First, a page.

More and More, Kids Say the Foulest Things
Tuesday, April 12, 2005
Dan Horwich's English class is a bastion of clean language, where students read the classics and have weighty discussions free of invective and profanity. But when the bell rings and they walk out his door, the hallway vibrates with talk of a different sort.
"The kids swear almost incessantly," said Horwich, who teaches at Guildford High School in Rockford, Ill. "They are so used to swearing and hearing it at home, and in the movies, and on TV, and in the music they listen to that they have become desensitized to it."
In classrooms and hallways and on the playground, young people are using inappropriate language more frequently than ever, teachers and principals say. Not only is it coarsening the school climate and social discourse, they say, it is evidence of a decline in language skills. Popular culture has made ugly language acceptable and hip, and many teachers say they only expect things to get uglier.
Horwich said he won't tolerate vulgarity in his classroom, and he tells students on the first day of school what he expects. But the 31-year-old teacher said he feels as though he is waging a losing battle -- and he isn't alone. Many teachers say that even if they can control their own rooms, only schoolwide efforts can make a real difference.
Teachers say their principals often don't give them support on the issue, and principals say they can't because administrators are worried about "bigger" problems. Many parents are no help, cursing themselves or excusing their children's outbursts, teachers say. And though many school systems ban profanity, not much happens to most offenders. Many teachers say they no longer bother reporting it.
"Nobody turns their head anymore on the whole," said veteran teacher Pauline Carey of Mount Rainier Elementary School in Prince George's County, noting that her school is an exception in that all the adults are on the same page in demanding respect.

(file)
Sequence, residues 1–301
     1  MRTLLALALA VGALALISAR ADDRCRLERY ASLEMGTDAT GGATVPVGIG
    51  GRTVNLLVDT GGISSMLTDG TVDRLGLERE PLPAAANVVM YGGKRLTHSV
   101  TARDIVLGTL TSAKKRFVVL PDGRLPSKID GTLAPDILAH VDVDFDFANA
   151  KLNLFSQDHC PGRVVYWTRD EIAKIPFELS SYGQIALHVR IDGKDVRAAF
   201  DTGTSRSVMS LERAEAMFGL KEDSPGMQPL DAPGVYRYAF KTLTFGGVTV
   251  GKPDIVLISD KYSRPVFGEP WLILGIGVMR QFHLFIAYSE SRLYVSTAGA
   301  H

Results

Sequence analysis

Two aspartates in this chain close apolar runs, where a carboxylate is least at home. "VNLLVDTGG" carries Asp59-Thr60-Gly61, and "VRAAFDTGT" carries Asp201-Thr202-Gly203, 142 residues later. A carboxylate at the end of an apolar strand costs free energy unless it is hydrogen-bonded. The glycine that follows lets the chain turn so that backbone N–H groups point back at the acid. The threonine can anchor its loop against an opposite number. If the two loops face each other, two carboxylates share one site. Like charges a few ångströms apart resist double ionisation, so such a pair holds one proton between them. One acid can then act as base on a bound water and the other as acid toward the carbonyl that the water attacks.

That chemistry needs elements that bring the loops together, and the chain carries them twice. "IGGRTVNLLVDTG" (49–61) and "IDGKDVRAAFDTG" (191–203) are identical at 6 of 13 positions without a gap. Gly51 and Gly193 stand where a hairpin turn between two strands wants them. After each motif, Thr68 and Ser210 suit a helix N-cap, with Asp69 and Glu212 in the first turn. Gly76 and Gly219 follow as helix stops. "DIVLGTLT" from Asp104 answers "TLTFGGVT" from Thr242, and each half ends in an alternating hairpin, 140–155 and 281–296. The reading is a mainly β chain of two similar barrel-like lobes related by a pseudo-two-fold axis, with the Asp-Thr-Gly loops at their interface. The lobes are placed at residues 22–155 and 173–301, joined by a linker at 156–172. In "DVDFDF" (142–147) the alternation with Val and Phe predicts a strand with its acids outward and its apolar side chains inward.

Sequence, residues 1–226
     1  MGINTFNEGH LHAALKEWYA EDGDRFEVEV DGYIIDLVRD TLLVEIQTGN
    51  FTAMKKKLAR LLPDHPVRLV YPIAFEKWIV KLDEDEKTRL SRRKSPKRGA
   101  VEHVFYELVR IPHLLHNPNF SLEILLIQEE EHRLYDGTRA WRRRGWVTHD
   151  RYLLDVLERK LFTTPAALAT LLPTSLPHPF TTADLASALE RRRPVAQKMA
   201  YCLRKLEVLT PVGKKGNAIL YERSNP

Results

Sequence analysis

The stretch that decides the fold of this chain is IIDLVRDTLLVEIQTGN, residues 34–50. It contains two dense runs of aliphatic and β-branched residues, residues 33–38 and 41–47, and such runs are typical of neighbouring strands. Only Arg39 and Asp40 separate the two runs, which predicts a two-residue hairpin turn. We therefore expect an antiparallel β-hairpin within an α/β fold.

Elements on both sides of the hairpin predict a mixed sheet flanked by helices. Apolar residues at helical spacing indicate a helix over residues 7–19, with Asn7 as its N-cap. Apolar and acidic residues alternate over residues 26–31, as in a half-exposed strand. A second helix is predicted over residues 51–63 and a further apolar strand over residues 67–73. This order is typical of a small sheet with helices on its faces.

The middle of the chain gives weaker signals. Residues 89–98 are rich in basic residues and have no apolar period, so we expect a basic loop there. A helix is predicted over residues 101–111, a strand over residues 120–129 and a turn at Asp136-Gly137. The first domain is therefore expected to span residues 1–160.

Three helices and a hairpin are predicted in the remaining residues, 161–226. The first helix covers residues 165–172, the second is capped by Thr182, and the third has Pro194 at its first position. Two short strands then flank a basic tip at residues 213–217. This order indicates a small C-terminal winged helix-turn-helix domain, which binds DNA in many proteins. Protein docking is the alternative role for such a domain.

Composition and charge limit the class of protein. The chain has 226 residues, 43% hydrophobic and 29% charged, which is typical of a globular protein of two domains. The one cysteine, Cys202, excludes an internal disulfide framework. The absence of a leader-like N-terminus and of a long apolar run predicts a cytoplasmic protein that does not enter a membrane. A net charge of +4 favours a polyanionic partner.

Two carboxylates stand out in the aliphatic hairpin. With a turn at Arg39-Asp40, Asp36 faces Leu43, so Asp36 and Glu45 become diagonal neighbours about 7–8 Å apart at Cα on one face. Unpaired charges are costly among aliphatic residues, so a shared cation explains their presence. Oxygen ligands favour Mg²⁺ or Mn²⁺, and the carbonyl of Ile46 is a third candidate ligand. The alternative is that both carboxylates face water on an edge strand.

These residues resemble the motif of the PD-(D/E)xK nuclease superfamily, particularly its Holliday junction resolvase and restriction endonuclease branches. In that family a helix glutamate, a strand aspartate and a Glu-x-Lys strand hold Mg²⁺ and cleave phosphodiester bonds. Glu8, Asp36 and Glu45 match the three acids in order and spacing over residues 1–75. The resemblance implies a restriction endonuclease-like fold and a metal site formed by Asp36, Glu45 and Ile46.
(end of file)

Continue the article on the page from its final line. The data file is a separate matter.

"Somebody has to call them on this language and not just pass it off," Carey said.
George Parker, a D.C. elementary school teacher and president of the Washington Teachers' Union, agreed. "In the same way we teach students math and English, we have to say that you can't come into our schools and use profanity," he said. "And we have to have a systemwide program to deal with it."
But there isn't one, Parker said. Some D.C. teachers, who spoke on condition of anonymity because they feared repercussions, said they had been told by their principals to "get used to the cussing" because officials downtown had more pressing concerns. A survey last year by Parker's union showed discipline was the leading concern of D.C. teachers.
Profanity, in the large sense, is defined as words that others consider offensive, although it originally was restricted to words that were blasphemous. Once heard mostly in whispers, today it is inescapable. "I never thought I would say this -- once being a hard-core anti-music censor -- but I understand why [young people] are doing this: You almost can't find a song, video game, television show, anything, without a curse word," said Laura Lee Cox, a seventh-grade teacher at Cedartown (Ga.) Middle School.
Children ages 4 and 5 often go through a phase of using inappropriate language they hear but can't understand, child-rearing experts say. Parents are advised against reacting too strongly because the youngsters soon learn from adults that the words are inappropriate.
The problem, said James V. O'Connor, director of the Cuss Control Academy in Lake Forest, Ill., is that when children learn that the words are inappropriate, they enjoy using them all the more to get a rise out of their parents.